Ted’s essays

somebody moved Darby to Grangeville when I wasn’t looking

I haven’t dealt with snow at this level since I lived on the wet side of the Bitterroot Mountain Range. As wet air moves east into mountain ranges that make it go up the moisture is wrung out of it. That is meteoroligical fact from a century of experience.

The west sides of the Sierras, Wasach and Bitterroots have all shown me this in real life, real time. Thus no real surprise a dozen years ago when I had to shovel 8 to 12 inches of snow off my sidewalk and driveway in Grangeville, Idaho, at the foot of the mountians dividing north Idaho from Montana.

At a youthful 58 years old, removing 12 inches of snow on my sidewalks and driveway with a snow shovel was no big deal. A dozen years older and triple the surface area requiring my attention made A LOT of difference.

Fortunately I now have TOOLS.

My neighborhood does not have young people eager to shovel old folks’ snow for a few bucks. We are on our own. So I prepare appropriately … aka: TOOLS.

I try my best to “let the horsepower do the work”, but there is no dodging that it takes some muscle to make this machine move the snow. After an hour and a half, I was used up. Fortunately so was the full tank of gasoline. I will hit it again tomorrow. Another tank of gas – another bodily abuse.

And then August will come.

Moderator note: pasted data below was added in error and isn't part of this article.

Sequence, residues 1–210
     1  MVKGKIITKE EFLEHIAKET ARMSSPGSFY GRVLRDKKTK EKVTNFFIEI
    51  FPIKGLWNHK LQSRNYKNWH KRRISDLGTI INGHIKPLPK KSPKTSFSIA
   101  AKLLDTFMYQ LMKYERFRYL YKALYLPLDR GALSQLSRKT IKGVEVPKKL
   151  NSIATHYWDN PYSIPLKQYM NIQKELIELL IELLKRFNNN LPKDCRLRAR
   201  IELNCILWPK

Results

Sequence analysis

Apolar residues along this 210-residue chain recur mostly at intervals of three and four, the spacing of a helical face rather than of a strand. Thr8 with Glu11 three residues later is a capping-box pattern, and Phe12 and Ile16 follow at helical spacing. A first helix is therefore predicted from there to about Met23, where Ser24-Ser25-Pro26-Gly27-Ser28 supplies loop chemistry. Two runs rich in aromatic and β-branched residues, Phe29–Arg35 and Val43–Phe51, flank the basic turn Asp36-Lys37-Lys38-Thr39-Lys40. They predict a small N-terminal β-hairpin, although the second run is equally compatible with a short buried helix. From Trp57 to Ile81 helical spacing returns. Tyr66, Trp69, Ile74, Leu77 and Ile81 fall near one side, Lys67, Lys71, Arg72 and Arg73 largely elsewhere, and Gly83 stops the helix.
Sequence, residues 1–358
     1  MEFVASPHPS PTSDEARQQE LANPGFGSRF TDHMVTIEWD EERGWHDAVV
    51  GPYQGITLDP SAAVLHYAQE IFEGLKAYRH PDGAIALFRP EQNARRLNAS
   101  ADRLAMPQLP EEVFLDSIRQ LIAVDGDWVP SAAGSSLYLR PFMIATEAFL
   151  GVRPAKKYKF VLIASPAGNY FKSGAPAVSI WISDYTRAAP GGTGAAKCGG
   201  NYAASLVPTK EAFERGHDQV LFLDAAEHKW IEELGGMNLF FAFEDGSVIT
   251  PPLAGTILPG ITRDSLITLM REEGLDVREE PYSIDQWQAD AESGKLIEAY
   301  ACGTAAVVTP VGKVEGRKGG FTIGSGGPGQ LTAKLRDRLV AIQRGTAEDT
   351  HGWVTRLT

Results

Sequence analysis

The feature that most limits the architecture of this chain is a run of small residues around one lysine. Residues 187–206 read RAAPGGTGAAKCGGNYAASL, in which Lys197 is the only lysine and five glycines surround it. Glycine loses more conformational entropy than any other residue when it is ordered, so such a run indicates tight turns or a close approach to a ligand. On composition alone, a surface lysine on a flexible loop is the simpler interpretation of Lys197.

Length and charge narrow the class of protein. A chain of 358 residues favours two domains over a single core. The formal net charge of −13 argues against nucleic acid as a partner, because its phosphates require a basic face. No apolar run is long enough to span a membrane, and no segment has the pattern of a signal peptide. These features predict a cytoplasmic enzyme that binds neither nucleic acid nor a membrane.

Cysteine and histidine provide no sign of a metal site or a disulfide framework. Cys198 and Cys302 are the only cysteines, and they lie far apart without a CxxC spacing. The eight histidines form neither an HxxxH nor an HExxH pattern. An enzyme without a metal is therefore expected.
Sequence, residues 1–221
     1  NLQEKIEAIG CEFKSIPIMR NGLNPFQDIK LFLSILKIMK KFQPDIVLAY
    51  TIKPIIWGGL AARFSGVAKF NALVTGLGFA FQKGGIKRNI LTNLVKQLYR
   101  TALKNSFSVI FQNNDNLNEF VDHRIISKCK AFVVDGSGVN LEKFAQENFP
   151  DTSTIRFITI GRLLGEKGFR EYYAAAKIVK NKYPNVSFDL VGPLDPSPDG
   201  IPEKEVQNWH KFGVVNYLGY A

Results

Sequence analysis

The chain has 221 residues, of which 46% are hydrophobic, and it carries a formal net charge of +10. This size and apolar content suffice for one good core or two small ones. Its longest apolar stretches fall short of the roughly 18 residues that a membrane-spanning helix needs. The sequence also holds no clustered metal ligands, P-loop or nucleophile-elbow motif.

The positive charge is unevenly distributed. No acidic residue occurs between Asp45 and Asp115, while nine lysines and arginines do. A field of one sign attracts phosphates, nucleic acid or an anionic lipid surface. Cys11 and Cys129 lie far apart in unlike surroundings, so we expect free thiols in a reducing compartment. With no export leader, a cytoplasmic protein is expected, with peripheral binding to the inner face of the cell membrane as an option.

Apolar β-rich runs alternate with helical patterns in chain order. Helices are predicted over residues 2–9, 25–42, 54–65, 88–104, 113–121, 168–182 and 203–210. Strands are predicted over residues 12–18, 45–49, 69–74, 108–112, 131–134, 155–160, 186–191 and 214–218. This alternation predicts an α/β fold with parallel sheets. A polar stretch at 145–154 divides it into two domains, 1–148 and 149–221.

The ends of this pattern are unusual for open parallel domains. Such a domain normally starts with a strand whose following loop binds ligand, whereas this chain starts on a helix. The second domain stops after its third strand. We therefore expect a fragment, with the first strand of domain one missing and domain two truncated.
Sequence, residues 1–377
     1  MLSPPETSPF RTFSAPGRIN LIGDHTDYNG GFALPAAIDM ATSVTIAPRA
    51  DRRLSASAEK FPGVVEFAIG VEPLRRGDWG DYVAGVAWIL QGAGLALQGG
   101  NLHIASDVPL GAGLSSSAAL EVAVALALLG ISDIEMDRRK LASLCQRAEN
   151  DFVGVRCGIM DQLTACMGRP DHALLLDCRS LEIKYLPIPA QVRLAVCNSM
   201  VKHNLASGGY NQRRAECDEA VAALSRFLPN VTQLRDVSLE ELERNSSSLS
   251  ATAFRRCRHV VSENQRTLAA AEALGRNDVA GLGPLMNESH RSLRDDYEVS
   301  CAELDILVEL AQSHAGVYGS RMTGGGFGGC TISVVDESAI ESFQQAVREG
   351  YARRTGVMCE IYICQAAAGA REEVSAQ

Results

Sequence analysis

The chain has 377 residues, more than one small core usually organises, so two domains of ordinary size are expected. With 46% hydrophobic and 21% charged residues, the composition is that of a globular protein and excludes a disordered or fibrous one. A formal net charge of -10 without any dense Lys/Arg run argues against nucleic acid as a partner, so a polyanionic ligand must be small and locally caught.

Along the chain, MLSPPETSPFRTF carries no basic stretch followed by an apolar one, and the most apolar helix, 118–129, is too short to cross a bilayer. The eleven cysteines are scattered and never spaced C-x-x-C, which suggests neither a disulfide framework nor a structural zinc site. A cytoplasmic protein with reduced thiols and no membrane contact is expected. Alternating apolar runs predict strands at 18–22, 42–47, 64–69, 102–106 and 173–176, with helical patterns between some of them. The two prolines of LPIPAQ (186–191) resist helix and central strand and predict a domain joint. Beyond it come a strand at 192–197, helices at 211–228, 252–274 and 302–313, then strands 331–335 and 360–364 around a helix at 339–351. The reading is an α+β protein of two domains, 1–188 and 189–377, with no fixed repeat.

We will win.

Feb 25 blowing 14 inches from Ted Dunlap on Vimeo.

I wrote the above yesterday. Overnight the geoengineers added another eight or ten inches on top of what I had yet to blow away and covering again what I had dealt with.

Whew! This is getting tiresome.

Darby schools, no strangers to significant snowfall, cancelled classes Monday. Yesterday afternoon the robocall came in that Tuesday is also no go for school. Bitterroot College in Hamilton had their robot inform me not to bother coming to town for my Pastels class. The city of Hamilton is publicizing a list of streets where parking is disallowed so they can move a mountain of snow out of town.

I am remembering Grangeville plowing the snow to the middle of their streets during storms. We had to go around the block to cross the streets sometimes. Then a large front loader and fleet of dump trucks would haul it away between storms.

Then there was the blizzard that closed the highway across the Camas Prarie. Nobody told me, so I drove my pickup to the prison at the old NORAD facility on Cottonwood Butte. Yeah, it was kind-of dicey with white sky, white road, white everything and the pickup dancing a bit, but I was young and foolish, had a great truck, excellent tires, and am a very good driver.

I was the only swingshift Corrections Officer to make the trip. The dayshift crew and I stayed until a borrowed snow cat brought the relief crew up the next day and took the weary dayshift crew back down the mountain.

I drove my pickup home.

A couple days later Idaho hired a truck mounted blower to re-open the road to the butte.